Jane Rees, 21, was pregnant with her boyfriend’s child when he left her for another woman. After the five-month relationship ended, a devastated Rees underwent an abortion.
Weeks after she had the abortion last October, Rees attempted suicide, but she was unsuccessful. The young U.K. woman was rushed to hospital after overdosing on prescription pills. After doctors saved her life, Rees was admitted into a psychiatric services program.
But just days after the first episode, Rees hanged herself at home. Rees’s mother was the first to discover her daughter’s body Nov. 4, the morning after her suicide, along with a collection of chilling notes Rees had addressed to her parents and her 2-year-old son. Rees’s parents later discovered that their daughter had been listening to the song “Small Bump” by Ed Sheeran when she took her own life.
An excerpt of the lyrics reads:
You're just a small bump unknown and you'll grow into your skin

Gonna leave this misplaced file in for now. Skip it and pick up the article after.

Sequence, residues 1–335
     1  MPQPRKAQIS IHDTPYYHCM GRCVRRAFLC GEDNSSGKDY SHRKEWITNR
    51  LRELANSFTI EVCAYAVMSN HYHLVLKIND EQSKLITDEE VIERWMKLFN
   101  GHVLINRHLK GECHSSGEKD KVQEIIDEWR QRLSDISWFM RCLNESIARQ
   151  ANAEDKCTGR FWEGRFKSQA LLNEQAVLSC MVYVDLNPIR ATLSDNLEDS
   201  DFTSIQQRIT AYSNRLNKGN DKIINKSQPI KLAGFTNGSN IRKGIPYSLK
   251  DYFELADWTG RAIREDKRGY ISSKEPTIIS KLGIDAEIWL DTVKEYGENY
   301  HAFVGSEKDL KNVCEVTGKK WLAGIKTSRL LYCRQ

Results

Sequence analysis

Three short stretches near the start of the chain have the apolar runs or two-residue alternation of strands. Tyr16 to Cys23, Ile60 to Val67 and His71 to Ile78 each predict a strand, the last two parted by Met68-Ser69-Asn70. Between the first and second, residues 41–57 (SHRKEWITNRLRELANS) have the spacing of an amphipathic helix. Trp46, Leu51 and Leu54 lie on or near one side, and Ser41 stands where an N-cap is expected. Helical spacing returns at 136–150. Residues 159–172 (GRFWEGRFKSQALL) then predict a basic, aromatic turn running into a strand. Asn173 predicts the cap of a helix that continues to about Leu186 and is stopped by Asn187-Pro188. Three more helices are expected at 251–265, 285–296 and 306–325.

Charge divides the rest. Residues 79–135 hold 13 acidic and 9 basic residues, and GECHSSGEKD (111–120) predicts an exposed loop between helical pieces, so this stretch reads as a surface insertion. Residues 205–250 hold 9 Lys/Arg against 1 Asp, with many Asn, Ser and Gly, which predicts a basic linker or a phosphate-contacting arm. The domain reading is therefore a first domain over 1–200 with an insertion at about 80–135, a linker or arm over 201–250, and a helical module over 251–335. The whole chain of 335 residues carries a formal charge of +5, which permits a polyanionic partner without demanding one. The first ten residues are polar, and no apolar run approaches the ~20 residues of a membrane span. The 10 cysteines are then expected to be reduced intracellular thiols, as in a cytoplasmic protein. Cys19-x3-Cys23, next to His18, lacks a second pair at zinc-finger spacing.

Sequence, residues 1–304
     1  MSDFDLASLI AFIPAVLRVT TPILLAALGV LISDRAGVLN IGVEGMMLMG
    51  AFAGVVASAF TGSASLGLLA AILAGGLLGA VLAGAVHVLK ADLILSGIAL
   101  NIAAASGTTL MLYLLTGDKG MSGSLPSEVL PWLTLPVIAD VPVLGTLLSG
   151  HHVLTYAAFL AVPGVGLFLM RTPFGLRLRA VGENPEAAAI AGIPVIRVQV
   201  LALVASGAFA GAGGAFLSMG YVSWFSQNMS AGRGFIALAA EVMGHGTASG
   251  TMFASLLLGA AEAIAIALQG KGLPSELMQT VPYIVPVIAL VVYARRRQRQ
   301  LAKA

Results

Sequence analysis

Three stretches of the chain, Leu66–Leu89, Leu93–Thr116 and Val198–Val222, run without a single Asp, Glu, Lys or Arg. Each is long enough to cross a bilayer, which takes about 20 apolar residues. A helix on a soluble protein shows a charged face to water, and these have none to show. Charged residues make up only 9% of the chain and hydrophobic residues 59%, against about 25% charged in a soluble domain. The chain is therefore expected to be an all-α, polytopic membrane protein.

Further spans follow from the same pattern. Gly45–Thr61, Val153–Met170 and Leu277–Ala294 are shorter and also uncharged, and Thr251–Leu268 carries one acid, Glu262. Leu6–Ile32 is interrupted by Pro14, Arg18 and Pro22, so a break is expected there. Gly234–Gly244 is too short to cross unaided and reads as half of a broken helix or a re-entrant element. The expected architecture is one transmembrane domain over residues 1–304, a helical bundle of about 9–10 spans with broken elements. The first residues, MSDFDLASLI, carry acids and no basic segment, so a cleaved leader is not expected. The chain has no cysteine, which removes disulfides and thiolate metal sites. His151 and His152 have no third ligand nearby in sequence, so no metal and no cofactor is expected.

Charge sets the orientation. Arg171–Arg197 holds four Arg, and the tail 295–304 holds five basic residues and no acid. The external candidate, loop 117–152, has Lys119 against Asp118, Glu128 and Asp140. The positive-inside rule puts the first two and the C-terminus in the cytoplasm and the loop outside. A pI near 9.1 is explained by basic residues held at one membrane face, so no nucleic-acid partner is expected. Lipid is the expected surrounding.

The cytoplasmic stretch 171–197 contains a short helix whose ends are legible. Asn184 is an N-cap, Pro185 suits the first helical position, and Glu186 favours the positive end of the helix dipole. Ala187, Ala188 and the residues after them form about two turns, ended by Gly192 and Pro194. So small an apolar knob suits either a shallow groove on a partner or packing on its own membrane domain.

With a smile like hers and a dimple beneath your chin
(Oh) Finger nails the size of a half grain of rice
And eyelids closed to be soon opened wide a small bump
In four months you'll open your eyes
The song, written from the perspective of one of the songwriter’s friends, communicates the grief a parent experiences upon losing a child, though the song is about a miscarriage.
In the notes she left behind, Rees describes the guilt and heartbreak she felt following her procedure. She wrote that the decision to abort left her “upset and distressed” to the point that life became unbearable.
An inquest at Rochdale Coroner’s Court revealed that the mother-of-one had a history of depression and eating disorders that began when she was just 14. After doctors diagnosed her with anorexia, she was prescribed antidepressants, which she stopped taking in 2013 when she discovered she was pregnant with her son.
Even though she and boy’s father broke up when she was just four months pregnant, Rees, still a teenager at the time, handled the circumstances “exceptionally well,” the Metro reported.
The trainee psychiatric specialist who handled her case, Dr. Easodhavidhya Elangomo, told the Daily Mail that after the initial overdose, Rees expressed her regret “promised to keep herself safe.” She was not taking antidepressants at the time, Elangomo said.
“Due to the circumstances and the contents of her note, I am satisfied that Jade did intend the consequence of her actions,” assistant coroner Matthew Cox, who recorded the suicide, said.